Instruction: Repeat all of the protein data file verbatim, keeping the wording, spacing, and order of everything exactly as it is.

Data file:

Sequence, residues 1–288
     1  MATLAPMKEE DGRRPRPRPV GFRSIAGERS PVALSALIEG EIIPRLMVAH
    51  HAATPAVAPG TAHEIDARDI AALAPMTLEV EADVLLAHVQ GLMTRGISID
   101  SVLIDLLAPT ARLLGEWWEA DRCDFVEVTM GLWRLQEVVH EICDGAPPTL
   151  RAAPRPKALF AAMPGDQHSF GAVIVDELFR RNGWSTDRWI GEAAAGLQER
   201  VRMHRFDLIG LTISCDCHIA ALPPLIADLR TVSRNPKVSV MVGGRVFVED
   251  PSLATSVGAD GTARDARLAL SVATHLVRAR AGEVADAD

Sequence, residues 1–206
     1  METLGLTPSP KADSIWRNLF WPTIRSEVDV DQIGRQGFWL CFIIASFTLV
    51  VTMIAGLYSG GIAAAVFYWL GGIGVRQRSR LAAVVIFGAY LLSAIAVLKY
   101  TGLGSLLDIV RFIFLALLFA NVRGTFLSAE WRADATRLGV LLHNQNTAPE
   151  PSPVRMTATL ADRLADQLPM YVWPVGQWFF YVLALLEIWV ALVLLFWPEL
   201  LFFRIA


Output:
Sequence, residues 1–288
     1  MATLAPMKEE DGRRPRPRPV GFRSIAGERS PVALSALIEG EIIPRLMVAH
    51  HAATPAVAPG TAHEIDARDI AALAPMTLEV EADVLLAHVQ GLMTRGISID
   101  SVLIDLLAPT ARLLGEWWEA DRCDFVEVTM GLWRLQEVVH EICDGAPPTL
   151  RAAPRPKALF AAMPGDQHSF GAVIVDELFR RNGWSTDRWI GEAAAGLQER
   201  VRMHRFDLIG LTISCDCHIA ALPPLIADLR TVSRNPKVSV MVGGRVFVED
   251  PSLATSVGAD GTARDARLAL SVATHLVRAR AGEVADAD

Sequence, residues 1–206
     1  METLGLTPSP KADSIWRNLF WPTIRSEVDV DQIGRQGFWL CFIIASFTLV
    51  VTMIAGLYSG GIAAAVFYWL GGIGVRQRSR LAAVVIFGAY LLSAIAVLKY
   101  TGLGSLLDIV RFIFLALLFA NVRGTFLSAE WRADATRLGV LLHNQNTAPE
   151  PSPVRMTATL ADRLADQLPM YVWPVGQWFF YVLALLEIWV ALVLLFWPEL
   201  LFFRIA